In the 1842-43 journals, it's written "I wish you had my soul long enough to know how good it feels." I suppose that I came to this book trying, in a sense, to borrow a little bit of Joseph Smith's soul long enough to see how good it felt-- or at least trying to understand a little bit of the person behind the history.
It's more opaque than that. Although there are flashes of personal insight-- particularly religious insight-- these journals are more the record of Mormonism and the issues about it that concerned Smith as he moved across the country. From lists of payments and donations, to intra-faith quarrels, to visions of Nauvoo, to complaints about lawsuits, it gives a clear day-to-day picture of the man and his movement.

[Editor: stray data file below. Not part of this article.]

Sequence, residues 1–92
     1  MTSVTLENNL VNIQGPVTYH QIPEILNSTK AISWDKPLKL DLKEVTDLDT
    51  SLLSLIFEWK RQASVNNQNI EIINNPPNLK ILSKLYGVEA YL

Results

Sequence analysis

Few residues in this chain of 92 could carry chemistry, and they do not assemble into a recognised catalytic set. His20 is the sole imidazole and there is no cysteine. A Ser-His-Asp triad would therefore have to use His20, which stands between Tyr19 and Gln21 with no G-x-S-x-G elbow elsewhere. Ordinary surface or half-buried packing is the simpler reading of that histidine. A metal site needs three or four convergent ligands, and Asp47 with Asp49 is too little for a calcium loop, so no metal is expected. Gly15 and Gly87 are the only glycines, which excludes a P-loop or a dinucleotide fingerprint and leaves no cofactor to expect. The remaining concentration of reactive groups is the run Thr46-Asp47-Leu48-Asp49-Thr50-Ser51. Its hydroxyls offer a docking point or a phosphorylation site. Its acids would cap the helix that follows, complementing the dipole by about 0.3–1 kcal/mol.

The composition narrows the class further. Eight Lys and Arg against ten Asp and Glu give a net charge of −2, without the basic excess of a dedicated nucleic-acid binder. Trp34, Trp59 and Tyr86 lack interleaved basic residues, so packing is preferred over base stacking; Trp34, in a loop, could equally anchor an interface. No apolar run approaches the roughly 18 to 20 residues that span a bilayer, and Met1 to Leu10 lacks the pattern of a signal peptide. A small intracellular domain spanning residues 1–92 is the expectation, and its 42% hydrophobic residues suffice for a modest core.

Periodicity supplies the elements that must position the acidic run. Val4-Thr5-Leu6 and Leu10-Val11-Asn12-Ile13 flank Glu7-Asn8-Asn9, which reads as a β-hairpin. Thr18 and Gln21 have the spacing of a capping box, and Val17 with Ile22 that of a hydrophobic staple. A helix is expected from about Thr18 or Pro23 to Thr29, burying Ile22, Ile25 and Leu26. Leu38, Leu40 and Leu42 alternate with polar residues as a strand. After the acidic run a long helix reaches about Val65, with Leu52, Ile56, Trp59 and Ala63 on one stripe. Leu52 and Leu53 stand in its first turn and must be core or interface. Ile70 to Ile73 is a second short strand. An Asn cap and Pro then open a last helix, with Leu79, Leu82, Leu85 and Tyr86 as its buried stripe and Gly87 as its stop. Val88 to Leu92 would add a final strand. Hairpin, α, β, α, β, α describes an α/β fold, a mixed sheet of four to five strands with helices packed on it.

The diaries and journals were written by a mix of Joseph Smith and various secretaries acting in his name. In the introduction, the editor comments that he was trying for ease of reading rather than faithful photostatic reproduction-- and I have to say that I would have hated to see what happened if he'd tried for faithful, because the major problem I had with the book was that I found it very difficult to read-- all shorthand, omitted words, crossed out words, and misspellings were noted as they occurred in the text and while I'm sure that it's more valuable as a scholarly text because of the inclusion, it was very distracting. Also, some annotations about historical events wouldn't be amiss rather than the reader always being forced to refer to the (very sketchy) timeline at the beginning. I suppose that most people who will read this would be scholars of Mormon history rather than people with a more casual interest, but it would have illuminated parts of this book much more clearly for readers like myself.